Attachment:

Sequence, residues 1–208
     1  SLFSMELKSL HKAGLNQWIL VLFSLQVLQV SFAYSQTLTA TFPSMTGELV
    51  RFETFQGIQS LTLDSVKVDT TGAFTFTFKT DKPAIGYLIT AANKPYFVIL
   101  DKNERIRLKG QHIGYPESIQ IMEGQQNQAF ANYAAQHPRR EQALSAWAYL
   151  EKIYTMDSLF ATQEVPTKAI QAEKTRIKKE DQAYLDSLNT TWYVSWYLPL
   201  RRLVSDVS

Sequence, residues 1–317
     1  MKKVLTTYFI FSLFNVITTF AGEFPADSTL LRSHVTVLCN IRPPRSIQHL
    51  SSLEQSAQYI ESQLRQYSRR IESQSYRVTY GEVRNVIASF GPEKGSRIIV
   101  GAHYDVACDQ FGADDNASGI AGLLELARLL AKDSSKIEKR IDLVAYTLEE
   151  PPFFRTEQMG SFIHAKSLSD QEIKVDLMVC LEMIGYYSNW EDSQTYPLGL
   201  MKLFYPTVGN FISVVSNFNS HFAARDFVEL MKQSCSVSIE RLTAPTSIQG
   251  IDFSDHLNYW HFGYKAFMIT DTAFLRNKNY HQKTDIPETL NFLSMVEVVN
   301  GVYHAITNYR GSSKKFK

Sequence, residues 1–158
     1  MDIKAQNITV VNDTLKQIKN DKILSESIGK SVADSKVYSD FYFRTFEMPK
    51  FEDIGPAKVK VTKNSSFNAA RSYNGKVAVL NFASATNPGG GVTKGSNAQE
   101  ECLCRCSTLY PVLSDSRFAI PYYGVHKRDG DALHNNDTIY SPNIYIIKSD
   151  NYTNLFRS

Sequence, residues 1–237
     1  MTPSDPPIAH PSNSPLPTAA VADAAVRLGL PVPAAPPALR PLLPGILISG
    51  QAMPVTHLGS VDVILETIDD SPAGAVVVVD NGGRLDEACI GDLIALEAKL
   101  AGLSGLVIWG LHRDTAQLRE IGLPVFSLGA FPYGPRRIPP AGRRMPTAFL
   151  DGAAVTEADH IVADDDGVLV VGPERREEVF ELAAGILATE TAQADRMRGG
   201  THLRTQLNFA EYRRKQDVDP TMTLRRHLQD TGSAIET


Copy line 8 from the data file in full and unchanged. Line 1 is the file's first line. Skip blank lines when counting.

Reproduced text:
     1  MKKVLTTYFI FSLFNVITTF AGEFPADSTL LRSHVTVLCN IRPPRSIQHL